Saturday, May 19, 2012

Jane's Walk: Site 18

We return to ogling oriels--this time on the 300 block of Warren Street. As we've seen, oriels are an element in the palimpsest quality of Hudson architecture. For two houses in the 100 block, both built in the 1890s, the oriel was part of the original design, but for most buildings on Warren Street, the oriel was added to an existing building during a Victorian "refitting."

A historic photograph provides evidence that the oriel at 362½ Warren Street was an addition to the building. What are now two buildings, bearing the numbers 362 and 362½, started out as a single building. The left half (362) has lost its storefront, while the right half (362½) has acquired an oriel.

In the historic picture of 362 Warren Street, it is possible to glimpse enough of 360 to see that the facade of that building has been significantly altered. The oriel is just one element of the change. Studying the facade reveals other elements that have been added, including a cornice with brackets and a gable positioned asymmetrically. 

A historic photo also provides evidence that the oriel on 338 Warren Street was an addition to an existing building. Although the oriel was already present on 338 when this picture was taken, along with Italianate window hoods, it is still possible to see that 336 and 338 started out as sister buildings, mirror images of each and identical in size and design.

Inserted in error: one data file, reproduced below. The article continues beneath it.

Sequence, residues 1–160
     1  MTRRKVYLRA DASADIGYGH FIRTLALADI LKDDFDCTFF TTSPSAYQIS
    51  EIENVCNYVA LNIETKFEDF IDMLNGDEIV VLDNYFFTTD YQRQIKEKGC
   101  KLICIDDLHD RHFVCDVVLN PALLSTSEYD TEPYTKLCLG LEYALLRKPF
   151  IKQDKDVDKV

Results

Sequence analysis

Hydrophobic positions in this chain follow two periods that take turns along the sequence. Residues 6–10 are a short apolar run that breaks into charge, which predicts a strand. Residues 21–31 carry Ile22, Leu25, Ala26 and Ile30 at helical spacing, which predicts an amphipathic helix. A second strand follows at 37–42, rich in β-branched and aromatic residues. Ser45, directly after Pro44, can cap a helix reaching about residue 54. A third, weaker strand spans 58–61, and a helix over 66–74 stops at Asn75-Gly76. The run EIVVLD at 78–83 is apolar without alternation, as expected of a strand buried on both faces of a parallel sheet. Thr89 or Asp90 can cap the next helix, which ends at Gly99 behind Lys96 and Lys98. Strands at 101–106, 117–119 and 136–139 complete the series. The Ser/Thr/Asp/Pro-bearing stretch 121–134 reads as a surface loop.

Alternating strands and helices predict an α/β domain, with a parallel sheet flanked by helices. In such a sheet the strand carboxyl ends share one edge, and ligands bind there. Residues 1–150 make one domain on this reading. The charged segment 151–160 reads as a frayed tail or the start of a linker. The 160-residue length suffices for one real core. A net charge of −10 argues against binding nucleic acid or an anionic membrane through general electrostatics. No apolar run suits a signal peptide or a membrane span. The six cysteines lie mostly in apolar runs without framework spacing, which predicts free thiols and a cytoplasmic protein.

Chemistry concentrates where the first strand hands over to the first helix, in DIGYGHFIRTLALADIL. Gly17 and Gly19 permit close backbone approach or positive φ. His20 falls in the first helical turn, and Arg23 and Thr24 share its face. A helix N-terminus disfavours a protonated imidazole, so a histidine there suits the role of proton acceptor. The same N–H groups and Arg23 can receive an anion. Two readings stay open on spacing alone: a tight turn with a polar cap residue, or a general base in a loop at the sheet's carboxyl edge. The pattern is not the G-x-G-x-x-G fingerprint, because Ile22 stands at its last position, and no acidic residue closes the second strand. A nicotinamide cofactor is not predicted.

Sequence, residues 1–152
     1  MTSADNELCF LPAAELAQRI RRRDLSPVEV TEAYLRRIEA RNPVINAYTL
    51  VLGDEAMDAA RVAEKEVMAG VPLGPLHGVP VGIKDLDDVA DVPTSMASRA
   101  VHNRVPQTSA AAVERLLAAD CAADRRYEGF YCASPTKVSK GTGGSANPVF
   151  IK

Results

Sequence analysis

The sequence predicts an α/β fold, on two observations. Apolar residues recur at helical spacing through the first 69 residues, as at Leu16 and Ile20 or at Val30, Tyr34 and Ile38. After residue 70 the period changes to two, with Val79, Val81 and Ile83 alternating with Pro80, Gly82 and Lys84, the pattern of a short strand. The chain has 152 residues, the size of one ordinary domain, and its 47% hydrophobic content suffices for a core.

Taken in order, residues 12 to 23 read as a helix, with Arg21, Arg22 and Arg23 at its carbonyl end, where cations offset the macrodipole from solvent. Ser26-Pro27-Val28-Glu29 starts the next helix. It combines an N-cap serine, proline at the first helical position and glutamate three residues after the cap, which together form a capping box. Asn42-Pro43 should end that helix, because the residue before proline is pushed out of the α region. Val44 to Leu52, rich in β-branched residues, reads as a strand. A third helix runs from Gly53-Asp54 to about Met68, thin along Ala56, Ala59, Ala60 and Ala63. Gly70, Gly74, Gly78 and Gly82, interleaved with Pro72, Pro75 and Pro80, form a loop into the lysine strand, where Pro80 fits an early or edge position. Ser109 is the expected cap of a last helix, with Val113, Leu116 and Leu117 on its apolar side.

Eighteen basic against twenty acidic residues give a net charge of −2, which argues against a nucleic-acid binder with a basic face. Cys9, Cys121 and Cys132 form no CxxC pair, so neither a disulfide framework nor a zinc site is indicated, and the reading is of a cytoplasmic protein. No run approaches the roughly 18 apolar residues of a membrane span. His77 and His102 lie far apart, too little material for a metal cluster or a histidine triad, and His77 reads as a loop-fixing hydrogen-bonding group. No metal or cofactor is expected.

There are five more oriels on the 300 block of Warren Street. In all likelihood, every one of them was added to its building as part of a Victorian era refitting. 

325 Warren Street
337 Warren Street

340 Warren Street

341 Warren Street
352 Warren Street


  1. I trust( and hope) that you will turn Jane and Carole's fascinating walk into a book. I eagerly look for installments everyday.


  2. Carole, it is a pleasure to wander through Hudson trough this series of postings. Thanks so much for all the effort that goes into a project like this.